The parents of Princess Mako, the eldest granddaughter of Emperor Akihito, demanded her boyfriend Kei Komuro and his mother solve a financial problem before the imperial agency postponed in February ceremonies for their formal engagement and marriage, a source close to the matter said Wednesday.

Prince Akishino and his wife Princess Kiko told the Komuros from late last year to early this year that a ceremony for their official engagement, which had been scheduled in March, could not be held without resolving his family's financial trouble, reported by weekly magazines.

In September, the couple, both 26 years old, announced their engagement after receiving the emperor's blessing. But the Imperial Household Agency announced in February the postponement, citing a "lack of preparation."

(Kei Komuro leaves Japan on Aug. 7 to attend Fordham University in New York)

The abrupt postponement followed weekly magazine reports of a financial dispute between Komuro's mother and her former fiance over her son's educational expenses, which were shouldered by the mother's former partner.

The princess' family was not notified beforehand of what was reported as a "debt problem," the source said.

The Komuro family has told the princess' parents that they did not regard the money as a "debt" and are seeking to hold talks with the mother's former fiance, according to the source.

Prince Akishino and Princess Kiko have also asked the Komuros to explain the matter publicly but so far no action has been taken, the source added.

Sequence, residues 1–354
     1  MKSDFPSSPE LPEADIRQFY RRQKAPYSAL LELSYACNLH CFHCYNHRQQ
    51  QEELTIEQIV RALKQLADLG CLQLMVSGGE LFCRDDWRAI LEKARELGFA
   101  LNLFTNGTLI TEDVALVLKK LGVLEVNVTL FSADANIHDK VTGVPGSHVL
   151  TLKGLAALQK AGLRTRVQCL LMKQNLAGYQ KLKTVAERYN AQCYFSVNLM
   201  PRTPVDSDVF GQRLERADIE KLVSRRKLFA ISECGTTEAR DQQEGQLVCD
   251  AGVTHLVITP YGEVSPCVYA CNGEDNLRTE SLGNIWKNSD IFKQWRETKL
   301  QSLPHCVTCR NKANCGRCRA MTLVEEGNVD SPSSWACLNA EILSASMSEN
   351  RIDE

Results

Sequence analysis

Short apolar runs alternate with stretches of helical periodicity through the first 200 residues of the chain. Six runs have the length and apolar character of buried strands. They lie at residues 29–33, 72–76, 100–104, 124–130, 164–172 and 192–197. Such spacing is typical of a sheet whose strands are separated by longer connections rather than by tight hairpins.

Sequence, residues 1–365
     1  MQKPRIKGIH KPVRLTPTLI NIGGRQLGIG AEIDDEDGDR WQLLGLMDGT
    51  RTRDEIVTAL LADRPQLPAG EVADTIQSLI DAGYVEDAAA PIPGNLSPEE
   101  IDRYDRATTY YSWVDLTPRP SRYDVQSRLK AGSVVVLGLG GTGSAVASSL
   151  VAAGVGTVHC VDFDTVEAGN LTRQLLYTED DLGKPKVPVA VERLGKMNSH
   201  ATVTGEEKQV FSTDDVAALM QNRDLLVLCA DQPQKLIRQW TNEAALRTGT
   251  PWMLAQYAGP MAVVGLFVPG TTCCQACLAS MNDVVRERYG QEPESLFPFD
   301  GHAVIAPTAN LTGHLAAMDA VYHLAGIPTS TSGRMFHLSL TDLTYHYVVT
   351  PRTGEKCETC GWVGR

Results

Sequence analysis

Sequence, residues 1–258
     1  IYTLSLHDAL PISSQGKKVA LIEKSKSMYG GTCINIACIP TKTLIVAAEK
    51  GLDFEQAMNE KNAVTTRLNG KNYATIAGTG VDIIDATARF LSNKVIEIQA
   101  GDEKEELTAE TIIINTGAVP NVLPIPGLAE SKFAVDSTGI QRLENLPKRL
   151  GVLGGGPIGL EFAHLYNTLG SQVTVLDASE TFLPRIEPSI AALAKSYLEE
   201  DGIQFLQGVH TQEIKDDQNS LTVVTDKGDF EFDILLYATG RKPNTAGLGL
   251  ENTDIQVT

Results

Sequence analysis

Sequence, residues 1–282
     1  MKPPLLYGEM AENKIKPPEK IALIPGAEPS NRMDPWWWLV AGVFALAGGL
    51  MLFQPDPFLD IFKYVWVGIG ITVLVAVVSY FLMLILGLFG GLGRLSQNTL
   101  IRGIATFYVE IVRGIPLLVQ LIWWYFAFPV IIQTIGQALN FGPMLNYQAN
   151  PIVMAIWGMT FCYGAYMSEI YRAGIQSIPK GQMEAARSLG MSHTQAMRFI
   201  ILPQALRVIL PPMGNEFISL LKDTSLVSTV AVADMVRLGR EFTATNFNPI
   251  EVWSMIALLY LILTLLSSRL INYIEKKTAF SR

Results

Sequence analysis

The parents have also asked Komuro to present a future life plan, including career building beyond his current job as a paralegal at a Tokyo law firm, as a condition for the formal engagement and marriage with Princess Mako, the source said.

Following the request, conveyed between late 2017 and early this year, Komuro decided to attend law school for three years at Fordham University in New York with the aim of passing the U.S. state's bar examination, the source said.

Komuro, who arrived in New York on Wednesday, intends to return to the Tokyo law firm where he has been employed since 2016 to work in the area of corporate legal affairs, the source said.

A series of court rituals, including the betrothal ceremony of "Nosai no Gi" that precedes the official wedding -- which was originally planned for November -- were postponed until 2020.

Despite the postponement of their nuptial, Princess Mako and Komuro are staying in close contact with each other and their intention to marry is unchanged, according to the source.

Komuro, a former classmate of Princess Mako from university days, left Japan on Tuesday to study in New York for three years with the aim of passing the U.S. state's bar examination.